I was reading a book review in New York Times and this piece caught my eye. (http://www.nytimes.com/2012/11/25/books/review/a-free-man-by-aman-sethi.html?ref=review)
But on a good day, he can frame his isolation as a blessing. “Today I can be in Delhi,” Ashraf says. “Tomorrow I could well be in a train halfway across the country; the day after, I can return. This is a freedom that comes only from solitude.”
This is exactly how I feel. I have a certain freedom that comes from solitude. That I can choose to leave this way of living and move on to another is easier for me because I don’t have a partner whose life plans I have to synchronize mine with.
That this freedom comes with a flipside, loneliness, is also captured in the book.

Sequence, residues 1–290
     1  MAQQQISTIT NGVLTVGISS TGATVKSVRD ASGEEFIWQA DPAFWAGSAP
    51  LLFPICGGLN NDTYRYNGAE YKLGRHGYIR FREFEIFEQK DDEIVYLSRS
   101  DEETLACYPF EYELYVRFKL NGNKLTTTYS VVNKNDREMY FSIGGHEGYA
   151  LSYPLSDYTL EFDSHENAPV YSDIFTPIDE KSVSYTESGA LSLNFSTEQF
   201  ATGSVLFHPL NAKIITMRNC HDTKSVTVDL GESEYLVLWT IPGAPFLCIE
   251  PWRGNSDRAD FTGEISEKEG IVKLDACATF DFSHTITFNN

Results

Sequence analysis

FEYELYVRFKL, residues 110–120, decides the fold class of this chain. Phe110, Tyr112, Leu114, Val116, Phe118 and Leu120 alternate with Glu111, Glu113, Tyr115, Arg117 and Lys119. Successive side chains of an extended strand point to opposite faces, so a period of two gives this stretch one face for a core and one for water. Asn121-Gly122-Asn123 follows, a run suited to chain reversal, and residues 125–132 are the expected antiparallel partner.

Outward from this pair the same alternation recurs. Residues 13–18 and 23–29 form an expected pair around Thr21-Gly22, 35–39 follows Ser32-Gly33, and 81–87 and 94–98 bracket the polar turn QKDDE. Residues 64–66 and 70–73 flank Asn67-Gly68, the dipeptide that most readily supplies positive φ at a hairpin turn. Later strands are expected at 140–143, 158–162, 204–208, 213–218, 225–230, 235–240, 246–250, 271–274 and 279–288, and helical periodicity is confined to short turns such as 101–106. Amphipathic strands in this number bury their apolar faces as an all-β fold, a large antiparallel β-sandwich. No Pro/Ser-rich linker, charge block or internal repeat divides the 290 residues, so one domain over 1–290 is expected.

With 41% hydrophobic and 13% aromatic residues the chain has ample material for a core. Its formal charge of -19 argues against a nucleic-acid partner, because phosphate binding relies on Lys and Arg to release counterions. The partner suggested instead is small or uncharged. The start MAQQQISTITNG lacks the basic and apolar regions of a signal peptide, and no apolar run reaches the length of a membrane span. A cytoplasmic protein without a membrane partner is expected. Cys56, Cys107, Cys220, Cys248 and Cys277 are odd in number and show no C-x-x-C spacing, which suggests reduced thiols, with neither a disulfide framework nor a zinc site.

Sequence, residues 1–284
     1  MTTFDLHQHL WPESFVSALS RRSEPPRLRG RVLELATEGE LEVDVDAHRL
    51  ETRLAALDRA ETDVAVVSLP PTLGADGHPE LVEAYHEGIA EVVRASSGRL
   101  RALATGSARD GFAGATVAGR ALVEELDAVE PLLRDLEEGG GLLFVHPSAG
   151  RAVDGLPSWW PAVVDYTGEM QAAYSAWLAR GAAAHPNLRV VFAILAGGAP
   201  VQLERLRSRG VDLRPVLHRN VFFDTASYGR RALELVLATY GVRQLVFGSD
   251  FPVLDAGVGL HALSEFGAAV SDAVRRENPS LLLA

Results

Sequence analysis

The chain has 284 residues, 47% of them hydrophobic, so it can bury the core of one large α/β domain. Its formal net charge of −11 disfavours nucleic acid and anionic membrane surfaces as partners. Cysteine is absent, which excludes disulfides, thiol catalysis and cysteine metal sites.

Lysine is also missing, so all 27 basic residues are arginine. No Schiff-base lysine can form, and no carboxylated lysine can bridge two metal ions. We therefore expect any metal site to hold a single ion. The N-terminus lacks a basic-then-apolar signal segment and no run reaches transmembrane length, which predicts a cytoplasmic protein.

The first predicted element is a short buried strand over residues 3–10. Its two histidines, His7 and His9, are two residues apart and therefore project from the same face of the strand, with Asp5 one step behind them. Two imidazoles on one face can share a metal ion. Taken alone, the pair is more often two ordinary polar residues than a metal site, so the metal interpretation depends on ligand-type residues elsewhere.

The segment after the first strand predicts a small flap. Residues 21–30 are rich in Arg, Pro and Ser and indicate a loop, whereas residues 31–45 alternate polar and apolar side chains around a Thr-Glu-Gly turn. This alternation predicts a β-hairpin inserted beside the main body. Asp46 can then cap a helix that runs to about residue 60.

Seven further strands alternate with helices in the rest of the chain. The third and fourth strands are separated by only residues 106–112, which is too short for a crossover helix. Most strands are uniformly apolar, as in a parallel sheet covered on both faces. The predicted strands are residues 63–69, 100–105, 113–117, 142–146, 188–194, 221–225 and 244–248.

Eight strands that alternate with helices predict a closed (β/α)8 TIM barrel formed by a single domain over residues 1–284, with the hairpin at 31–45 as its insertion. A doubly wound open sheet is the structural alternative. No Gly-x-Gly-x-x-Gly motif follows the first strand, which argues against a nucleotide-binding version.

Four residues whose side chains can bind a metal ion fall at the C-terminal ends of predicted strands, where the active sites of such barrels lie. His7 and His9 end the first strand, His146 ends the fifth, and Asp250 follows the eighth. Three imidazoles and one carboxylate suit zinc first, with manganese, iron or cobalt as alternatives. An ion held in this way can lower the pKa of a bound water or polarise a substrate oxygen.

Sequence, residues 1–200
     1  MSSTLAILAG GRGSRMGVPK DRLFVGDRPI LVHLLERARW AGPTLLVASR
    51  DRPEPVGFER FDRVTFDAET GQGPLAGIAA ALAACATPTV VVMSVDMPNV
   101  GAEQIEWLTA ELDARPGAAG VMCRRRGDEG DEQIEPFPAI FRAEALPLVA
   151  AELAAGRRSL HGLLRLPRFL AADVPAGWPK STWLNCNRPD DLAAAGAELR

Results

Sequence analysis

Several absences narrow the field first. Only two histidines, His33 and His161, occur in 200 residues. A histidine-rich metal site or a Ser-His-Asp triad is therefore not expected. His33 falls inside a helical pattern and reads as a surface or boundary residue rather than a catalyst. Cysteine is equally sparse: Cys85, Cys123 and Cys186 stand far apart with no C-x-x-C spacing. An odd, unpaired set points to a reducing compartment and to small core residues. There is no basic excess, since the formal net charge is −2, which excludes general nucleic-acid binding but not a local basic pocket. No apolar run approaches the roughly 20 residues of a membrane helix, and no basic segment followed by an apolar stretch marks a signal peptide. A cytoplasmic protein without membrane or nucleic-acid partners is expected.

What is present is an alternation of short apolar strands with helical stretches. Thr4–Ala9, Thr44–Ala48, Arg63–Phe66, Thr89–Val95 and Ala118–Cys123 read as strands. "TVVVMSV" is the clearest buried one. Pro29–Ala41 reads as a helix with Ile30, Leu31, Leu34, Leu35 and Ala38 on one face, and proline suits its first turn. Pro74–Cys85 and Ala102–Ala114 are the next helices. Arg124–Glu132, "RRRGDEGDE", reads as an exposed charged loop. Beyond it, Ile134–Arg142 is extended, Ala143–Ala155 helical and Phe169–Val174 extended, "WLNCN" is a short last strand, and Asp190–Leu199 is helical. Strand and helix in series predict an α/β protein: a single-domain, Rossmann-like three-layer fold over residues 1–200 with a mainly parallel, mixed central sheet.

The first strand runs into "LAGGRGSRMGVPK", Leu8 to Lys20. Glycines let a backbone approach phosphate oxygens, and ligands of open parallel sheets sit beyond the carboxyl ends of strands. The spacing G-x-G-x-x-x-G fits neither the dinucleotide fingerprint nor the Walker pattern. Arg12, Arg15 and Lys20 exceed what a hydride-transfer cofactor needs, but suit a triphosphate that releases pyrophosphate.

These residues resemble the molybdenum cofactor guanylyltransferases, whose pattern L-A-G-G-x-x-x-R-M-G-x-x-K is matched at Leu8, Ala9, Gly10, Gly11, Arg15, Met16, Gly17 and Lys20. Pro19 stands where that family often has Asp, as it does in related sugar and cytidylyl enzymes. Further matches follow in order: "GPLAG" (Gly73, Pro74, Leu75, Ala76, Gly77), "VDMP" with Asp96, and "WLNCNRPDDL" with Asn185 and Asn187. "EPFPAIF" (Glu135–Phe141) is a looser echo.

Ashraf’s obsession with azadi has a flip side, akelapan — loneliness. Friendships are treacherous in Delhi, and he longs for his childhood friends in Patna, “a group that woke up together, skipped class together” and felt hungry, happy, depressed in “perfect synchronicity.”
This is one of those buy-one-get-one-free deals. If you choose freedom, loneliness comes for free. On days like today, it seems like a perfectly good deal.